Skip to main content

How smart car sharing companies are impacting city infrastructure

Submitted by scc europe staff on October 18, 2018

Looking for a way to improve city infrastructure while reducing air pollution? Carsharing may be the solution. Smart Car sharing companies like Germany-based car2go are not only removing up to 11 vehicles for every car used, they're also saving up to 14 metric tonnes of greenhouse gases per vehicle. Germany alone has built up a smart car customer base of over 1 million people since car2go launched back in 2009. Here's how this expansion into the smart car sharing industry is making a significant impact, and why looking into the future of carbon-free, autonomous cars may be just as beneficial if we apply them to the sharing culture— Bruno De Man

Benefits on and off the road

There are currently over 14,000 car2go vehicles scattered across 26 cities around the globe, with Madrid being the most successful location. In most cities, these cars are being used an average of six to eight times per day, but in Madrid, a single car may be used up to 15 times per day. The goal: the more these shared cars are being used, the less private cars crowding roads and contributing to air pollution and lack of parking spaces. According to a study conducted last year by the Transportation Sustainability Research Center at UC Berkeley in California, carsharing in North America eliminated approximately 28,000 vehicles and reduced up to 146 million driving miles. Carsharing also reduced greenhouse gas emissions by 10 percent.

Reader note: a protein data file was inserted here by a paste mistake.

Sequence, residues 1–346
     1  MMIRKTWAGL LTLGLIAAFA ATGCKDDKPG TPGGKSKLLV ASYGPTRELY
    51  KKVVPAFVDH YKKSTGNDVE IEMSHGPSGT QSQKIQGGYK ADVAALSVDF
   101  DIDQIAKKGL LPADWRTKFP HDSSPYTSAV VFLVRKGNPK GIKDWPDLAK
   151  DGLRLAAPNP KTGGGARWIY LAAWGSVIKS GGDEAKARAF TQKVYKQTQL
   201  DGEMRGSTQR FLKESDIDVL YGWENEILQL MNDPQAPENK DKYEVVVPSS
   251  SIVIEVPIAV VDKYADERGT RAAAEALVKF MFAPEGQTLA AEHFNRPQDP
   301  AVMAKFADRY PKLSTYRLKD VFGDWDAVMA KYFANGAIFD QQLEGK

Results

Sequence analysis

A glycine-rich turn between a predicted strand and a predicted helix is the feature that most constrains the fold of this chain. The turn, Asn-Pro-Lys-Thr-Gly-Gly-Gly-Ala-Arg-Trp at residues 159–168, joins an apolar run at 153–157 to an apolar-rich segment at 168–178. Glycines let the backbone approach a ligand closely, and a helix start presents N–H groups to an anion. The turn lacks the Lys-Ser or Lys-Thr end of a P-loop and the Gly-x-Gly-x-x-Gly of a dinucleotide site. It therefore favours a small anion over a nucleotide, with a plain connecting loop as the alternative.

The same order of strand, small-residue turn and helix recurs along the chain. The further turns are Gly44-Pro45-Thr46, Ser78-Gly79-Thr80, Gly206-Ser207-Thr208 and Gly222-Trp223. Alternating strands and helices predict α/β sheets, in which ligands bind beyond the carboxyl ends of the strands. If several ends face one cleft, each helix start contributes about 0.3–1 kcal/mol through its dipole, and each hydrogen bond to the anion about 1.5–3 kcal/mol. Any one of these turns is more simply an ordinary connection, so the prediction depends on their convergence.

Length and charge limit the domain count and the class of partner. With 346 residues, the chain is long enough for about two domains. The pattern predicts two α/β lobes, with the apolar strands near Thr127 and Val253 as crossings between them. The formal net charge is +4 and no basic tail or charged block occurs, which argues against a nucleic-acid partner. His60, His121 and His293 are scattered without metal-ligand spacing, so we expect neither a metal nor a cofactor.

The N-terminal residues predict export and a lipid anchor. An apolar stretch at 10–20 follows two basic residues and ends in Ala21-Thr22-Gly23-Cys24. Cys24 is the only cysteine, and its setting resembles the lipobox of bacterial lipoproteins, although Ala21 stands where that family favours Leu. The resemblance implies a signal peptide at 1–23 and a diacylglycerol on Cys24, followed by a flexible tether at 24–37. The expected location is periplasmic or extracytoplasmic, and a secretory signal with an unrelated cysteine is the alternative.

Smart carsharing

Car2go is already a leader in the world of electric carsharing, with electric-only fleets of more than 1,300 smart cars in Stuttgart, Amsterdam and Madrid. “In the long term we see the future of carsharing as purely electrically powered, but there needs to be a considerable expansion of the charging station infrastructure in many cities to achieve this,” explains Thomas Beermann, managing director of car2go Europe. In addition to charging stations, urban planners will also have to look at parking spaces, both in residential and public areas. Another element to consider is carsharing as an enhancement to public transport, working in collaboration (not competition) with a city’s public transit system. In the future, this mentality may also need to extend to carbon-free autonomous vehicles, who will join carsharing programs. While these vehicles would benefit everything from labour costs to infrastructure and maintenance costs, they would still take up just as much room as a regular car. So if the public isn’t in tune with the sharing culture, this option would still contribute to the issue of road and parking congestion.